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And so it ends. The news came on Wednesday that Blockbuster Video was shuttering its remaining stores and ending its non-starter Netflix/Redbox wannabe ventures. It wasn't that long ago (2004, in fact) that Blockbuster was the most powerful name in home entertainment, but the effects of streaming, on-demand and Redbox were so instantly damning that today's news arrives with most folks being surprised that any of them were still open.
Blockbuster was my first paying job, in High School, back in 1998. I'd actually end up working for the company on two separate occasions, becoming an assistant manager the second time. It's an experience I recall with mixed emotions: The pay was lousy, the company was everything wrong with entertainment-retail and I labored under more than a few genuinely terrible bosses while there. On the other hand, several of my closest and dearest current friendships were made there, among fellow employees.
In any case, here are three stories (of the ones that I can tell - my "best" Blockbuster Stories won't be suitable for telling until either myself or certain other associated parties are in the grave) of my time there that leapt immediately to mind when the word came of Big Blue finally throwing in the towel.
The Fandom Menace
The release of Star Wars Episode I - The Phantom Menace to VHS was to be the big home-video event of 2000, or so everyone in the video biz thought remembering the glory days of big launches. Instead, we were all just a few years out from DVD and Netflix, unaware that the world was already turning away from the mentality that you needed to line up at midnight for a pan-and-scan VHS of a big movie.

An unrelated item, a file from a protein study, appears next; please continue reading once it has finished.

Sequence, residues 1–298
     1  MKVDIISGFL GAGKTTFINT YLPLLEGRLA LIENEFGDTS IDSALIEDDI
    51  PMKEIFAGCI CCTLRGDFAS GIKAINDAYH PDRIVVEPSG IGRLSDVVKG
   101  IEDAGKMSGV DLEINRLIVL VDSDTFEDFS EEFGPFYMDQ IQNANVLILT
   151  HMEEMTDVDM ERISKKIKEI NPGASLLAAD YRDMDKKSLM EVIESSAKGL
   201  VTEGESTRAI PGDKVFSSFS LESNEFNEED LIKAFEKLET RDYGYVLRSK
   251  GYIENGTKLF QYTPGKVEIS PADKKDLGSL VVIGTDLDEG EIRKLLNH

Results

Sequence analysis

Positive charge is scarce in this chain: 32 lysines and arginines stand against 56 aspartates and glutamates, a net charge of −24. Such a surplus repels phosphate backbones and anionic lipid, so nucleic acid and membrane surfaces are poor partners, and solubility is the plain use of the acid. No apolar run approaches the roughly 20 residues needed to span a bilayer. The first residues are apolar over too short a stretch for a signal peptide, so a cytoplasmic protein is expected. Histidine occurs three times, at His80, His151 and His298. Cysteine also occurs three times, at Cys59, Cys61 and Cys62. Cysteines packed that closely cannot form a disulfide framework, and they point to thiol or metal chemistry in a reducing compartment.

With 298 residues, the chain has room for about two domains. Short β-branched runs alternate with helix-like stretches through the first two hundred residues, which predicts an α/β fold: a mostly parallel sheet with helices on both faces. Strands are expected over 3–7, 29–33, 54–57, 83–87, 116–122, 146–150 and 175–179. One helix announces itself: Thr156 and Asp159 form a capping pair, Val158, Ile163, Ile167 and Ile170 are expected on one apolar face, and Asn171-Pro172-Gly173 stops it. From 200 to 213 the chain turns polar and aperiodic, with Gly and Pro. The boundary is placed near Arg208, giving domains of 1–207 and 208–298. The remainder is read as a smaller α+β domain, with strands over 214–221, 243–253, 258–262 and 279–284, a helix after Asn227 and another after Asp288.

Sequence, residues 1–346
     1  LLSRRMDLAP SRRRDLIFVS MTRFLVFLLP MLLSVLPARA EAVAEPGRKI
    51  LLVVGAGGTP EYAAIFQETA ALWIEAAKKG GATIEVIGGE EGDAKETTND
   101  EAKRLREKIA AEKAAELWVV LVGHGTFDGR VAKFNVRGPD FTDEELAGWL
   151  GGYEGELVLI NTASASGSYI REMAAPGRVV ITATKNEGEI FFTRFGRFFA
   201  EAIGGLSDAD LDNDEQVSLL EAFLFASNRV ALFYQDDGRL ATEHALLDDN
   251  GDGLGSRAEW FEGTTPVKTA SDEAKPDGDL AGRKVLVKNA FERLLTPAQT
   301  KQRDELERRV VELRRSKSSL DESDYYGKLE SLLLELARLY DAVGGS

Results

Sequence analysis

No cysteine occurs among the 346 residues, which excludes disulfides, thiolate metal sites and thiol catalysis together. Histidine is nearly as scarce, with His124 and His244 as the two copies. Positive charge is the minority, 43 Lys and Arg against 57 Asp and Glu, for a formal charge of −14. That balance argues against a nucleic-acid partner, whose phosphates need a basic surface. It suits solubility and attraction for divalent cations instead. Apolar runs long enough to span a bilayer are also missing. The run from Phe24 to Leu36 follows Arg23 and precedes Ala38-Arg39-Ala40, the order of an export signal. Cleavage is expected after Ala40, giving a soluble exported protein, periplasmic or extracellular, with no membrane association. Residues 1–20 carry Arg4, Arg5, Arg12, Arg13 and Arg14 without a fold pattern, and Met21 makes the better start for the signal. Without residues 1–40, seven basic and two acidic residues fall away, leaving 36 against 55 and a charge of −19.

Also, let's face it, public opinion had turned around on TPM remarkably quickly, and by the time it was on video its badness was well established. So, despite all our "IT'S COMING!!!" signage, weeks of pitches for reservations and my volunteering to turn up in Darth Maul facepaint, we wound up facing a "midnight launch" line of... four people, only one of whom wanted to buy his copy instead of renting.
And then the computers failed to recognize the item SKU, which ultimately meant he got his copy for free to avoid a scene. All things considered, we should've taken this as an omen. (There was no attempt at a midnight launch for Attack Of The Clones.)
Some of you are too you to remember this, but once upon a time TVs were square-shaped while movie screens were rectangles. This meant that movies released to video had two options for display, neither ideal: "full-screen" (aka pan-and-scan) which "filled" a TV screen by lopping the sides off a film image, or "widescreen" (aka letterbox) which presented the original film image with empty spaces on the TV's top and bottom. Every Blockbuster had at least one bitter, put-upon film geek whose job was explaining this - while trying not to be too snarky about the obvious superiority of widescreen.
For decades, the rule of thumb was the cheaper VHS tapes came in fullscreen while more expensive "collector's edition" tapes and digital formats like laserdisc went with wide, but in 1999 DVD was starting to eke its way out, digital tvs were arriving and you started to see studios question the economics of doing so many versions of a single release.
My most vivid memory of this coming to a head was when Michael Mann's The Insider came to VHS in widescreen only, at the request of its director and the behest of its newly cost-conscious studio. At my store, we spent all week fielding bewildered phone calls (and return requests) from folks who just couldn't concieve that something had not gone wrong with either the tape or their television.
"No, ma'am. Your TV is not cutting off Christopher Plummer's head - that's the way the shot was always composed, it was never there."
"Young man, you may think I'm stupid, but I've seen The Sound Of Music hundreds of times so I can assure you Christopher Plummer has a head!"